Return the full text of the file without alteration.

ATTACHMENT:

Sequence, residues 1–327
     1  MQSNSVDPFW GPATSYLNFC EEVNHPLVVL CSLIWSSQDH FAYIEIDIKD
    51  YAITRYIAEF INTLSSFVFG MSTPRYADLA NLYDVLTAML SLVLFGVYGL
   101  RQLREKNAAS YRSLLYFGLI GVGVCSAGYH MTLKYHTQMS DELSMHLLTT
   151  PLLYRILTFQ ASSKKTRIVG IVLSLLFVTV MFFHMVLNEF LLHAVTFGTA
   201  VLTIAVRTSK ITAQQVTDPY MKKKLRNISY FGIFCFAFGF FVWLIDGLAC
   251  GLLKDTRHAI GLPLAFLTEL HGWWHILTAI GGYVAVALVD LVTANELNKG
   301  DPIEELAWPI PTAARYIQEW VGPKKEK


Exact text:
Sequence, residues 1–327
     1  MQSNSVDPFW GPATSYLNFC EEVNHPLVVL CSLIWSSQDH FAYIEIDIKD
    51  YAITRYIAEF INTLSSFVFG MSTPRYADLA NLYDVLTAML SLVLFGVYGL
   101  RQLREKNAAS YRSLLYFGLI GVGVCSAGYH MTLKYHTQMS DELSMHLLTT
   151  PLLYRILTFQ ASSKKTRIVG IVLSLLFVTV MFFHMVLNEF LLHAVTFGTA
   201  VLTIAVRTSK ITAQQVTDPY MKKKLRNISY FGIFCFAFGF FVWLIDGLAC
   251  GLLKDTRHAI GLPLAFLTEL HGWWHILTAI GGYVAVALVD LVTANELNKG
   301  DPIEELAWPI PTAARYIQEW VGPKKEK